Monday, March 30, 2015

Book Reviews

Photo From Here
I read a couple of interesting books of late. The one in the photo above is all about the Secret Service in regards to how it guards the President, his family and other high ranking figures in our government. It's kind of a kiss and tell book but does say a lot about the character of the people determining the fate of the country. The thing I found most interesting as a new round of presidential candidates comes forward is this quote:

Many of those who run crave superficial celebrity. They are hollow people who have no principles and simply want to be elected. Even if an individual is balanced, once someone becomes president, how does one solve the conundrum of staying real and somewhat humble when one is surrounded by the most powerful office in the land, and from becoming overwhelmed by an at times pathological environment that treats you every day as emperor? Here is where the true strength of the character of the person, not his past accomplishments, will determine whether his presidency ends in accomplishment or failure.

Something to keep in mind in this next presidential cycle.

Struck by Genius

This one is the story of how Jason Padgett was transformed into a mathematical savant and synesthete after a mugging. It's an interesting story, particularly because evidence indicates that all of us have the very same latent potential to become a genius just as Jason did. However, Traumatic Brain Injuries, or TBI, normally don't result in the injured party becoming a savant. Having had a little bit of personal experience with a TBI, I can tell you that it did change my personality a bit and nearly thirty years later most of the earlier problems it caused have cleared up but now I'm starting to experience a few other things. Some probably from that one serious incident and some probably due to the fact that I've suffered at least four or five additional concussions over the years.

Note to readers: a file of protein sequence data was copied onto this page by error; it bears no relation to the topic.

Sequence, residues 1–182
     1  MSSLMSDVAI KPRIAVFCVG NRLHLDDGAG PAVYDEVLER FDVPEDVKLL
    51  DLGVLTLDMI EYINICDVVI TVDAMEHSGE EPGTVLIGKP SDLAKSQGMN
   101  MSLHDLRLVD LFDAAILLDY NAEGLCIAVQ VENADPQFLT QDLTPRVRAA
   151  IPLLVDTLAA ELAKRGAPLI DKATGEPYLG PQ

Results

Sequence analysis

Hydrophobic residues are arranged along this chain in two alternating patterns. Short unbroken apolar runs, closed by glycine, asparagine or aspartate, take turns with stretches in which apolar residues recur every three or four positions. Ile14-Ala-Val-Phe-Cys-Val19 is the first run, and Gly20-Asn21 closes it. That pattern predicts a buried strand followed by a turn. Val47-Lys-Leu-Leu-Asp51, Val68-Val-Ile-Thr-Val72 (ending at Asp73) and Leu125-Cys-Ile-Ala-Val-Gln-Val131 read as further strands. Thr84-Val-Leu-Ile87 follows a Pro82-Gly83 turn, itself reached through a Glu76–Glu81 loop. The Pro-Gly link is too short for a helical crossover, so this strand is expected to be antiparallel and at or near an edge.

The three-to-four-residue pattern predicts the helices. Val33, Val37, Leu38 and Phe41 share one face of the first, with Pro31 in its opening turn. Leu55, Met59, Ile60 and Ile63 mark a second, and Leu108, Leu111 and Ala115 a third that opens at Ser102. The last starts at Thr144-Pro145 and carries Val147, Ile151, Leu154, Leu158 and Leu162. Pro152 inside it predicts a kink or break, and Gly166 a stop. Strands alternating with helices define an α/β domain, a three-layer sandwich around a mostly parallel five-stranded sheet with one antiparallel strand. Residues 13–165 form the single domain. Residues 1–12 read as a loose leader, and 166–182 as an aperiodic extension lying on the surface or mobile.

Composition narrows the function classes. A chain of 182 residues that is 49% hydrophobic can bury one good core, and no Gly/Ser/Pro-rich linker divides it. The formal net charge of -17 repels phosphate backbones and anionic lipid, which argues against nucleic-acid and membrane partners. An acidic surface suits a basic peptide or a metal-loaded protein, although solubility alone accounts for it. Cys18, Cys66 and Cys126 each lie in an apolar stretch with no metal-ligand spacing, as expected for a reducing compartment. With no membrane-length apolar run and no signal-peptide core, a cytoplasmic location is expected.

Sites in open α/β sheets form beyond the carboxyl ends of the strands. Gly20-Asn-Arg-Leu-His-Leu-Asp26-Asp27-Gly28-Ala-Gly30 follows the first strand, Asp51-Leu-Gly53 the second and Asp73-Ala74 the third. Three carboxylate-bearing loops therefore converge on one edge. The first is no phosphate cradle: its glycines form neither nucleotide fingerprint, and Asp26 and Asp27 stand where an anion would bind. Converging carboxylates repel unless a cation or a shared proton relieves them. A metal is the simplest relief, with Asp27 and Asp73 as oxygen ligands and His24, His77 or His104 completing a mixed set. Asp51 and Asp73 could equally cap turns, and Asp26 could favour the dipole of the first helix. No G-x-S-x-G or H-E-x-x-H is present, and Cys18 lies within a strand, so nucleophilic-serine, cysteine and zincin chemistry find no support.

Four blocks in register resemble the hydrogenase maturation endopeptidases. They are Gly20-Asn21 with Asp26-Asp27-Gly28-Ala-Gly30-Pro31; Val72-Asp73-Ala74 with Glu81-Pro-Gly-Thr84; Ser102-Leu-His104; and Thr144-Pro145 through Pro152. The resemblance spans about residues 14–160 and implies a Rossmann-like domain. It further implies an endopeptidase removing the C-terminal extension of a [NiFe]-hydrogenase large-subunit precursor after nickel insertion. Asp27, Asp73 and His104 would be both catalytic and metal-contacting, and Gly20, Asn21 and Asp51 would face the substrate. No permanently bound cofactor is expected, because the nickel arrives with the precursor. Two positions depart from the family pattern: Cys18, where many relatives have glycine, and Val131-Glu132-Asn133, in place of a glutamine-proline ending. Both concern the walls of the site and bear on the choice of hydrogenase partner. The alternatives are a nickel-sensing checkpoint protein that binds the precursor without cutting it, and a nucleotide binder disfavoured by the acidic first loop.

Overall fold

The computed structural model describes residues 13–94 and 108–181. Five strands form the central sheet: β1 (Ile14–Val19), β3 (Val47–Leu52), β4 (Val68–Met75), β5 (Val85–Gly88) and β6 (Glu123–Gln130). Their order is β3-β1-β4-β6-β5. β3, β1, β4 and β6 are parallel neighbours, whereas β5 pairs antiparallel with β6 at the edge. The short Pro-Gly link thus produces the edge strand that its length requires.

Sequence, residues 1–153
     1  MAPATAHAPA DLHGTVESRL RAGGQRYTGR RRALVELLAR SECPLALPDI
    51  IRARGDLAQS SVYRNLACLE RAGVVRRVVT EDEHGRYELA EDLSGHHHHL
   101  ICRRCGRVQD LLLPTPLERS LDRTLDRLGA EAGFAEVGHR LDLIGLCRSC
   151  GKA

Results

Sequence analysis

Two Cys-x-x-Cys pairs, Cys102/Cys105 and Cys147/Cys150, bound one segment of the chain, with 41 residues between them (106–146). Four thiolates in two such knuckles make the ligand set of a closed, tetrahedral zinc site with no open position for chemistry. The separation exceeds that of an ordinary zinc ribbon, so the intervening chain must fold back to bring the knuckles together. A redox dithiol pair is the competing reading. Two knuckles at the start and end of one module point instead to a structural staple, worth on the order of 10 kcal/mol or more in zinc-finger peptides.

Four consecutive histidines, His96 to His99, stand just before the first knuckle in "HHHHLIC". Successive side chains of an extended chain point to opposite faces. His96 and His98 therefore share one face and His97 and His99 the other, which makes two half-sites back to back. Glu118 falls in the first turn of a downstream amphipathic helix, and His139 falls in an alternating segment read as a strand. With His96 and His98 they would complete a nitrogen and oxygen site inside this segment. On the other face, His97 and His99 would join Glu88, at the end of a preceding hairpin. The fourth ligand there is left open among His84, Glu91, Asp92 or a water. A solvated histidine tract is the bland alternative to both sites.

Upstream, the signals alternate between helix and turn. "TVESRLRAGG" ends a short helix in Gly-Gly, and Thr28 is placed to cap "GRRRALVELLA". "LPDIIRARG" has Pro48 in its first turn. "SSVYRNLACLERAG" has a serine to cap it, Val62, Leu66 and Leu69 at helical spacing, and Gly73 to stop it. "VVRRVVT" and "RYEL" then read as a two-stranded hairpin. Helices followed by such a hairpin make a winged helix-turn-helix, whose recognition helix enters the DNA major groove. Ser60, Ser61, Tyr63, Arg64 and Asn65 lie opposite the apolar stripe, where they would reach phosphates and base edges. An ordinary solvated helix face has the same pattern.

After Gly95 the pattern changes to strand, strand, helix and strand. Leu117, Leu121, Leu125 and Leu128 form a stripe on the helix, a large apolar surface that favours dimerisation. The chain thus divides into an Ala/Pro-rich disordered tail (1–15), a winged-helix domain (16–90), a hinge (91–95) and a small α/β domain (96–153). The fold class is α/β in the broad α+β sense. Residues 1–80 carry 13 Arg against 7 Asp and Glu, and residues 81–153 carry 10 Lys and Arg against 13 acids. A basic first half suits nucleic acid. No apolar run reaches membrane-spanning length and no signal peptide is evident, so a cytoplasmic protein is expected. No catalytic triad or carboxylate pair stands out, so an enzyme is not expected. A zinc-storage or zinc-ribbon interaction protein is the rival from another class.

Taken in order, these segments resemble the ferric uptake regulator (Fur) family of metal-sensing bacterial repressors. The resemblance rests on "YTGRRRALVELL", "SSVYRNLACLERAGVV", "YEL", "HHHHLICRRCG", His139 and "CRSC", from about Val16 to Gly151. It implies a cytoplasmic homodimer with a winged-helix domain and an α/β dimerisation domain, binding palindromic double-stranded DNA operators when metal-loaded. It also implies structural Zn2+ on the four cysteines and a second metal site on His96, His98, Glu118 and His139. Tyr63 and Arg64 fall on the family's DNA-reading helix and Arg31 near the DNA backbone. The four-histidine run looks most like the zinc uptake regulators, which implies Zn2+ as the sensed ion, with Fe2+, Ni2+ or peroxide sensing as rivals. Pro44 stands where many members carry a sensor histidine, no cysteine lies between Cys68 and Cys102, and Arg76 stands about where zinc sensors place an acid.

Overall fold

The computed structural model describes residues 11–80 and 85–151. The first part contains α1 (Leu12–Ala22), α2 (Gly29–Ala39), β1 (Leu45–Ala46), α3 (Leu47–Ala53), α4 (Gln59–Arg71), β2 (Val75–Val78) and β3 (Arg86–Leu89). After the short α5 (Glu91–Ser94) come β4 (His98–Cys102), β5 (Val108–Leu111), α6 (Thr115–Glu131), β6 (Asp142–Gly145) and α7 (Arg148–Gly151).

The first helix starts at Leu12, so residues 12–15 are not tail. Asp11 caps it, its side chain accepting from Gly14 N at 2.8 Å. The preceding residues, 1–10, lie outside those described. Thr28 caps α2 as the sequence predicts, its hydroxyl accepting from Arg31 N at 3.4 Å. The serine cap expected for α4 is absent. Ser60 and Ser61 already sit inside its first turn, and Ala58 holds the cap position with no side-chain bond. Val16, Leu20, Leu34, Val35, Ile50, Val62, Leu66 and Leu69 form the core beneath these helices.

Now that the NFL and the NHL are looking into the long term effects of getting your bell rung on a regular basis, hopefully there will be more research and more help available to those who suffer from a TBI, especially those poor servicemen and women who have been injured in the line of duty. The brain's a remarkable machine but it doesn't take too much to throw it out of whack. 

It'll be time to get back out on the bikes pretty soon - wear your helmet!

Friday, March 27, 2015


Photo From Here
Ain't that a beaut!

I got a postcard in the mail from Ron Covell. He's going to be having a metal working workshop in May but it's just a bit too far for me to attend. If I did both Saturday and Sunday, I'd probably have to spend two nights in a hotel or at least get up real early on Saturday morning. That's a bit much right now. Surly and I did his aluminum workshop a few years back and it was time well spent. Workshops are $190/day and you get your money's worth in skill development and inspiration. He also sells round over dies for bead rollers. I'd like to get a couple of different sizes. The dies cost $80/set and bushings to fit the Harbor Freight bead roller like mine are $20.00. You'd be hard pressed to make them for that money. I don't really have any need for them right now but I have in the past. If I ever get going on some of the things I've got planned, they'd be nice to have,